Editor’s note: If you’re looking for information on a newer Toyota RAV4, we’ve published an updated review: 2019 Toyota RAV4 Review.
The compact crossover segment is growing — and the 2015 Toyota RAV4 appears poised to take on its ever-increasing list of rivals. No, it doesn’t stand out from the crowd in terms of equipment or styling, but the RAV4 boasts reasonable pricing, impressive fuel economy, high resale value, a roomy interior and a strong reliability record.
Admittedly, there are some drawbacks — including its average powertrain, which offers just 176 horsepower and no available upgrade. But in general, we think the RAV4 is a strong competitor and worthy of a spot on your shopping list as you consider a new compact crossover. See the 2015 Toyota RAV4 models for sale near you
What’s New for 2015?
The RAV4 is largely unchanged for 2015, offering only two updates: new wheel design and an available power liftgate for XLE models.
What We Like
Updated styling inside and out; peppy and fuel-efficient engine; advanced audio options; improved driving feel; Toyota resale and reliability
What We Don’t
Interior space still a bit narrow; no V6 engine; rough ride with 18-inch wheels; towing ability limited to 1,500 lbs
While earlier models offered V6 and 4-cylinder engine options, the latest RAV4 is only available with a 176-hp 2.4-liter 4-cylinder mated to a 6-speed automatic. Fuel economy is rated at 24 miles per gallon in the city and 31 mpg on the highway with front-wheel drive, or 22 mpg city/29 mpg hwy with optional all-wheel drive.
Standard Features & Options
The 2015 Toyota RAV4 is offered in three trim levels: the base-level LE, the mid-level XLE and the upscale RAV4 Limited.
Shoppers who choose the RAV4 LE ($24,500) get 17-in steel wheels, automatic headlights, cruise control, air conditioning, power accessories, a CD player, a split-folding and reclining second-row seat, a 6.1-in center-mounted touchscreen system, a rearview camera, power folding mirrors and a USB/iPod interface.
Step up to the RAV4 XLE ($26,000) and you get 17-in alloys, a power sunroof, dual-zone automatic climate control, fog lights, heated side mirrors and roof rails. Newly optional for 2015 XLE models is a power liftgate.
Topping the RAV4 lineup is the Limited ($29,300), which offers heated front seats, synthetic leather upholstery, a power driver seat with memory, a power liftgate, hands-free keyless entry with a push-button starter and an auto-dimming rearview mirror.
In terms of options, the RAV4 offers several. Highlights include a navigation system, a JBL sound system and Toyota’s Entune infotainment system, which boasts HD radio, voice recognition, Bluetooth streaming audio and app connectivity. Safety options include a blind spot monitoring system, rear cross-traffic alert, a lane departure warning system and automatic high beam control.
The RAV4 boasts standard front-side and side-curtain airbags, along with optional features like blind-spot detection and rear cross-traffic alert. In government crash tests, the latest RAV4 received four stars out of a possible five. It earned a 4-star frontal crash test rating, a 4-star rollover rating and a 5-star side impact rating.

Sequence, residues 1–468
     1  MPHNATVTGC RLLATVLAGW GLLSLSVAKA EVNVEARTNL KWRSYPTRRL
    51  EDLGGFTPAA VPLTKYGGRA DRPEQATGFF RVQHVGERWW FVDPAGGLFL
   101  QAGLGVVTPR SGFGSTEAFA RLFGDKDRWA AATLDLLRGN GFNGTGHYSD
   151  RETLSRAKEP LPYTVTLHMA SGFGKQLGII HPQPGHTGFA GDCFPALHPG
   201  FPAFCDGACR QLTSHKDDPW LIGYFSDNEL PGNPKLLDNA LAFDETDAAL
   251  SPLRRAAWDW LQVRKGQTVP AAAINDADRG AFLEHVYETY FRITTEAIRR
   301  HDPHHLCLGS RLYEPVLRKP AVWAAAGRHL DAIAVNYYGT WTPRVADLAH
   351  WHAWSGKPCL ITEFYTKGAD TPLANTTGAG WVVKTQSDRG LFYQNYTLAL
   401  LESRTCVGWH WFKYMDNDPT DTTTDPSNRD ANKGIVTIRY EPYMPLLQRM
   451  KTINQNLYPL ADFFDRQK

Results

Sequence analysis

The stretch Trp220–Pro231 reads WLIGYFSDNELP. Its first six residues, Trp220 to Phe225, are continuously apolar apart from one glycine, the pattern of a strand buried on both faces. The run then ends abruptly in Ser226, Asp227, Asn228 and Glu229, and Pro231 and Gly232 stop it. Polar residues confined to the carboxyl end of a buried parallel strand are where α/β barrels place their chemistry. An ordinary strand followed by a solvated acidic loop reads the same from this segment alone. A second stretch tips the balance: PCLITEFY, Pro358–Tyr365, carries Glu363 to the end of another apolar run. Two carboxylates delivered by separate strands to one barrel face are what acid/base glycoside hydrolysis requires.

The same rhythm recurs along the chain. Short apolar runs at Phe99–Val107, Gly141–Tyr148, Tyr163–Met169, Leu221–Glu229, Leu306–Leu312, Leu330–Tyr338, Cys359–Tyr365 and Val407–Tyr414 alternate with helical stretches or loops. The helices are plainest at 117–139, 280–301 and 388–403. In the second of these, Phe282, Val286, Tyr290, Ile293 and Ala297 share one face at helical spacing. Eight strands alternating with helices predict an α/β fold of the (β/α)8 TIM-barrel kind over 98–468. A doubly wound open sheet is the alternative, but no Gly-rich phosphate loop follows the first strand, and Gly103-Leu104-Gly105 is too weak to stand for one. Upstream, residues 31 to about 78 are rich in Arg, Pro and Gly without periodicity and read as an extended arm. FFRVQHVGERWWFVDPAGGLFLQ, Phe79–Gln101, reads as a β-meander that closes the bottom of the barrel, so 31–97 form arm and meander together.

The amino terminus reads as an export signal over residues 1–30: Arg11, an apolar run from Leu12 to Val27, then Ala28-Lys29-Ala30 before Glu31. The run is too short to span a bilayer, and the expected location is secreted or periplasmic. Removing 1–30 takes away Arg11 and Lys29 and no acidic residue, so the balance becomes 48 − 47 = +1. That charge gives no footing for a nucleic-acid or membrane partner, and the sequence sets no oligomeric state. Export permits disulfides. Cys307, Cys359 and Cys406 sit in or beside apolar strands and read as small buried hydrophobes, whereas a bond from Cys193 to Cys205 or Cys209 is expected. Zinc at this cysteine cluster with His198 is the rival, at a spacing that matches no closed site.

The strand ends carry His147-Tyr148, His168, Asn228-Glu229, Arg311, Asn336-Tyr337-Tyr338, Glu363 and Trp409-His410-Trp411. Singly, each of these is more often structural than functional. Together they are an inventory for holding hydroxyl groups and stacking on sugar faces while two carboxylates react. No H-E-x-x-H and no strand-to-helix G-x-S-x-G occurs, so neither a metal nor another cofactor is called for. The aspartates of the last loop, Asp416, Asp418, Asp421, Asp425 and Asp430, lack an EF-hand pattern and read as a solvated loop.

Behind the Wheel
Overall, the RAV4 rides and handles very well, especially considering its tall ride height and 6.3-in ground clearance. The electric power steering doesn’t feel numb or disconnected, providing good feedback in tight turns. Likewise, the suspension soaks up most road distortions and bumps, yet it doesn’t allow the car to lean or bob uncontrollably when pushed hard.
One area that could use improvement is the somewhat busy ride when driving the Limited trim. The Limited’s larger 18-in wheels don’t allow for much tire sidewall, resulting in a harsher ride with somewhat rude jolts transmitted to the interior when encountering bumps and potholes. We think the 17-in tire and wheel package found on the LE and XLE strike just the right compromise between comfort and performance.
As for performance, the 2.5-liter is acceptable in most circumstances — although we found that when left in Eco mode, the 6-speed transmission delivered a rather sluggish and unresponsive feel. Leave it in Sport mode and you’ll be much happier, with almost no real difference in fuel economy.
Other Cars to Consider
2015 Ford Escape — The Escape offers a wider variety of engine choices than the RAV4. It also boasts better gas mileage and a more modern interior. But the RAV4 has more interior room and costs a bit less when comparably equipped.
2015 Honda CR-V — The CR-V has slightly better fuel economy than the RAV4 and more power. Plus, it offers the option of genuine leather seating. But the CR-V doesn’t have as much legroom or cargo space as the RAV4.
Used Toyota Highlander — If you like the RAV4 but want a larger vehicle, you might want to consider the Highlander, which offers a comfortable ride, Toyota reliability and three-row seating. It’s expensive new, but a used model is a worthy competitor to the RAV4.
Used Toyota Venza — If you’re looking for a little more power than the RAV4 offers — and a slightly more car-like ride — consider the pricier Toyota Venza. There’s an available V6 and a lower driving position for those who aren’t used to SUV ride height.
For the money, we’d have to go with the RAV4 in an AWD XLE trim with the Entune and navigation options. If you don’t regularly encounter snow or rough roads, the front-drive version will do just fine and will save you about $1,500. If you desire extras such as the JBL audio, power rear liftgate and heated front seats, the Limited is still affordable — although you might be tempted to throw on a set of aftermarket 17-in wheels and tires, just to smooth out the ride. Find a Toyota RAV4 for sale